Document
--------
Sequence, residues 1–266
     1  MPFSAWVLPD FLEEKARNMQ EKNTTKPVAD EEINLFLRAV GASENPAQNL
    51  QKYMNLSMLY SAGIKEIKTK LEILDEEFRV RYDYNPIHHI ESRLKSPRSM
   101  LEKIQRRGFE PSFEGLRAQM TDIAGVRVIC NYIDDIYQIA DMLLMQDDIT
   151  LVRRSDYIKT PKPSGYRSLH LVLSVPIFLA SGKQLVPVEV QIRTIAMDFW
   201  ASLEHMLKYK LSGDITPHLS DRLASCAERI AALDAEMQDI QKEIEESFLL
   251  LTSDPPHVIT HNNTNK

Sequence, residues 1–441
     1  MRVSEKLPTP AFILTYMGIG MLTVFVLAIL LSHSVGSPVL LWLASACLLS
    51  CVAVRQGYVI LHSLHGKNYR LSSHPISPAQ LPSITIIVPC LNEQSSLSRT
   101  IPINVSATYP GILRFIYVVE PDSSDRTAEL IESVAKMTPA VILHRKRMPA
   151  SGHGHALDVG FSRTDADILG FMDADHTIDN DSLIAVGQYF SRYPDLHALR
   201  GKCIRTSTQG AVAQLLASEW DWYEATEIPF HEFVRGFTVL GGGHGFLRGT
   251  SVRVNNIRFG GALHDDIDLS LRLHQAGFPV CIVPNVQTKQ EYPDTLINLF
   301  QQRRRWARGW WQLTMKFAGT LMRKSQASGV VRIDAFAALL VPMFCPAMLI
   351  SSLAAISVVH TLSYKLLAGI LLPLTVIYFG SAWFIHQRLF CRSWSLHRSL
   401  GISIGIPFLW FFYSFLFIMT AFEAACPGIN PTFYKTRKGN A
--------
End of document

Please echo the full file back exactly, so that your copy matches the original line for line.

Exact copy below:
Sequence, residues 1–266
     1  MPFSAWVLPD FLEEKARNMQ EKNTTKPVAD EEINLFLRAV GASENPAQNL
    51  QKYMNLSMLY SAGIKEIKTK LEILDEEFRV RYDYNPIHHI ESRLKSPRSM
   101  LEKIQRRGFE PSFEGLRAQM TDIAGVRVIC NYIDDIYQIA DMLLMQDDIT
   151  LVRRSDYIKT PKPSGYRSLH LVLSVPIFLA SGKQLVPVEV QIRTIAMDFW
   201  ASLEHMLKYK LSGDITPHLS DRLASCAERI AALDAEMQDI QKEIEESFLL
   251  LTSDPPHVIT HNNTNK

Sequence, residues 1–441
     1  MRVSEKLPTP AFILTYMGIG MLTVFVLAIL LSHSVGSPVL LWLASACLLS
    51  CVAVRQGYVI LHSLHGKNYR LSSHPISPAQ LPSITIIVPC LNEQSSLSRT
   101  IPINVSATYP GILRFIYVVE PDSSDRTAEL IESVAKMTPA VILHRKRMPA
   151  SGHGHALDVG FSRTDADILG FMDADHTIDN DSLIAVGQYF SRYPDLHALR
   201  GKCIRTSTQG AVAQLLASEW DWYEATEIPF HEFVRGFTVL GGGHGFLRGT
   251  SVRVNNIRFG GALHDDIDLS LRLHQAGFPV CIVPNVQTKQ EYPDTLINLF
   301  QQRRRWARGW WQLTMKFAGT LMRKSQASGV VRIDAFAALL VPMFCPAMLI
   351  SSLAAISVVH TLSYKLLAGI LLPLTVIYFG SAWFIHQRLF CRSWSLHRSL
   401  GISIGIPFLW FFYSFLFIMT AFEAACPGIN PTFYKTRKGN A